Zambian African National Congress

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The Zambian African National Congress was a political party in Zambia.

History[edit]

The party was formed in 1948, as the Northern Rhodesia Congress (NRC) or Northern Rhodesia African Congress (NRAC). Godwin Lewanika, a Barotseland native from an aristocratic background, became the first president.[1][2] It was the first African political party in the country. NRC had its roots in the Federation of Welfare Societies, active between 1942 and 1946.[2] In 1951 the party adopted the name Northern Rhodesian African National Congress (NRANC) under the presidency of Harry Nkumbula, and was linked to the African National Congress in South Africa. In 1953 Kenneth Kaunda became the general secretary of the organization.

The NRANC was the leading force of Northern Rhodesian nationalism in the 1950s. It opposed federation, and boycotted shops where the Colour Bar was implemented. In 1955 Nkumbula and Kaunda were imprisoned for possessing banned literature. In 1957 they visited London, gaining some support from the British Labour Party.[3]

In 1958 the party was divided on whether to participate in the 1959 Northern Rhodesian general election, in which only a minority of the black population was allowed to vote. The more radical Kaunda broke away, and formed the Zambia African National Congress, which was banned in 1959. The NRANC won a single seat in the elections. In the 1962 general elections the party won seven seats, becoming the third-largest faction in the Legislative Assembly and held the balance of power. Prior to the elections Nkumbula had made a secret electoral pact with the United Federal Party, but decided to form a government with the United National Independence Party.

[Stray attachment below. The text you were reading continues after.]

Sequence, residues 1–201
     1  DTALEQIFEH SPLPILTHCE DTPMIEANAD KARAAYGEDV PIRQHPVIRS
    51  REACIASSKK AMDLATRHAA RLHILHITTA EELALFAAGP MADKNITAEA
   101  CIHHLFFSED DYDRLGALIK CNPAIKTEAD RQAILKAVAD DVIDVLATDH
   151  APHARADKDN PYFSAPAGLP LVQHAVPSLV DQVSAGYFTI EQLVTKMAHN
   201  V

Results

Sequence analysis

The party won ten seats in the 1964 general elections, and following independence, was renamed the Zambian African National Congress. Nkumbula ran for president in the 1968 general elections, finishing second to Kaunda with 18% of the vote. The party won 23 of the 110 seats in the National Assembly, remaining the main opposition party.

In 1973 the party was banned,[4] as the country became a one-party state.

References[edit]

  1. ^ "Northern Rhodesia", Northern-rhodesia.co.tv, 2011, web: NR-1.
  2. ^ a b "Northern Rhodesia Congress", Britannica.com, 2011, web: EB-NRC.
  3. ^ Simon, David J.; Pletcher, James R.; Siegel, Brian V., eds. (2008). "African National Congress (ANC)". Historical Dictionary of Zambia. African Historical Dictionaries. 106 (3rd ed.). Metuchen, New Jersey: Scarecrow Press. pp. 6–7. ISBN 978-0-8108-5305-8.
  4. ^ Zambia: Defunct parties EISA